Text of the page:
Now that the writers’ strike is over, we can focus on what’s really important — the Oscars.

Forget about labor contracts, profit sharing, and the Golden Globes (most have already). We want to know who’s bringing whom to the glamorama, whose nipple slips, and if Jen and Angie will finally — please, baby, please — come to blows over Brad.

What’s more important, however, is this: Is Juno going to take it all on Sunday?

This brilliant comedy, you’ll recall, stars Ellen Page as the adorable and wise-cracking Juno MacGuff, 16, who gets pregnant.

She’s horrified by abortion, decides on equally horrifying adoption, falls in love with her child’s father, but then gives the kid up anyway, the pain of unredeemed motherhood and all. Along the way, you experience comedy gold like this, when Juno informs her parents:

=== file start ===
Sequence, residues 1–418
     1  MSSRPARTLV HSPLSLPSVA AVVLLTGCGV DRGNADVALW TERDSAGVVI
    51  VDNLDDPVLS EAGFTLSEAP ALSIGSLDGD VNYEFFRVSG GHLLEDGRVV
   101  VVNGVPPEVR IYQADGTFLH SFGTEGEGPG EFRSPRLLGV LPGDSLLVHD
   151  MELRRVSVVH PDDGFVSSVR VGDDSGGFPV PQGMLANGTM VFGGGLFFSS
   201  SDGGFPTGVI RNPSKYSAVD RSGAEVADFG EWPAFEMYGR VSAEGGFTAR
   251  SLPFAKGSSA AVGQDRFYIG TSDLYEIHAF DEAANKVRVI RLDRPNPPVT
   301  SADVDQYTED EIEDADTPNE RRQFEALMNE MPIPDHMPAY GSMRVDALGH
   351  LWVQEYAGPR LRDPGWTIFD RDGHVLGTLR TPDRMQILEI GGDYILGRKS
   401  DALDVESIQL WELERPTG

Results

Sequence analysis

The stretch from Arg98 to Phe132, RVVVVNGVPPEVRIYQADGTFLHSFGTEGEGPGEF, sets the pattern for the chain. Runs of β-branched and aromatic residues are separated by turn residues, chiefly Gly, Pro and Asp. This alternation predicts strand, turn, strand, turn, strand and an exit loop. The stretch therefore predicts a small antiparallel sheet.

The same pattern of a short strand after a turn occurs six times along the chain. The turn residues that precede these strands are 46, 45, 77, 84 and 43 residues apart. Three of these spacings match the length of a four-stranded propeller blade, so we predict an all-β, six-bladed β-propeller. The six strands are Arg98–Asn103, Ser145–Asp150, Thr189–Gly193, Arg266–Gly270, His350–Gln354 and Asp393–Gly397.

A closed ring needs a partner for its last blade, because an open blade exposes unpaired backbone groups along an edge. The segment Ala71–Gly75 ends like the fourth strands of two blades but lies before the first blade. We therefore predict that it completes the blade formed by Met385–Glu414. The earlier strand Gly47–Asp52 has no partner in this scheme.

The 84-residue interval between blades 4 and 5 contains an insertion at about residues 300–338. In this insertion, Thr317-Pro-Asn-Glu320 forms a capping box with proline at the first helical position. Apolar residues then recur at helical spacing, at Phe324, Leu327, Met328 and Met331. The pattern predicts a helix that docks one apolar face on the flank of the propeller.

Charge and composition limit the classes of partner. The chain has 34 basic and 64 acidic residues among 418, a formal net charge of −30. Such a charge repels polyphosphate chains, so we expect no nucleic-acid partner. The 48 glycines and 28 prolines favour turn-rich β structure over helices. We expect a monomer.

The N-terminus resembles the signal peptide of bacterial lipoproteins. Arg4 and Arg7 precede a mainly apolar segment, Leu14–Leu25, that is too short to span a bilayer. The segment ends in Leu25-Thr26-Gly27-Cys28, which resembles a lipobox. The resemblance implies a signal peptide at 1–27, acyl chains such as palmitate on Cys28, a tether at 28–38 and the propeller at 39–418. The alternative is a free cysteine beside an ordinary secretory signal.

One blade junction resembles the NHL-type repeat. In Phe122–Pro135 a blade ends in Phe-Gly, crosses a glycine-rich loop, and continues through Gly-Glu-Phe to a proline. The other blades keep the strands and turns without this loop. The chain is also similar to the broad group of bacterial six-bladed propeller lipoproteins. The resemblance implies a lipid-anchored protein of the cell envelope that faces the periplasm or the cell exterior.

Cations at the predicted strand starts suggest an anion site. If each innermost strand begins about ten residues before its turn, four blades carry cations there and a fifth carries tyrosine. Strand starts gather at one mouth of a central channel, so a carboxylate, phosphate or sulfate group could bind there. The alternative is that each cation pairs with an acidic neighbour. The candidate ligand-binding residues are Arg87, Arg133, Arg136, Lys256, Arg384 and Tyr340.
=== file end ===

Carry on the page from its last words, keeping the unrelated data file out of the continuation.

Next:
Mac MacGuff (Juno’s dad): Did you see that coming?

Bren (her stepmom): Yeah, but I was hop-

ing she was expelled or into hard drugs.

Mac MacGuff: That was my first instinct too. Or a DUI. Anything but this.

But competition is fierce. Juno is the lone comedy among films that in retrospect might mark 2007 as the Year of Drear.

For best picture, we also have: No Country for Old Men (basically about greed, blood, murder) and There Will Be Blood (oil, greed, hate) vie for the best picture Oscar.

Atonement (guilt, shame) and Michael Clayton (more greed, white collar crime, lawyers, George Clooney) also have a shot given that they are, respectively, a) a literary gem with gorgeous cinematography and plummy English accents and b) a socio-political thriller taking on big issues, stuff that really geeks aging Hollywood hippies.

So the smart money ain’t on Juno.

But stiff competition aside, there might be another reason Juno is the underdog.

Comedy doesn’t get much respect.

Dude, Where’s My Oscar?

Mel Brooks once said tragedy is about getting a paper cut while comedy is about walking into an open sewer and dying.

In other words, it’s more complex than it seems. But you wouldn’t know that by looking at the history of the Academy Awards.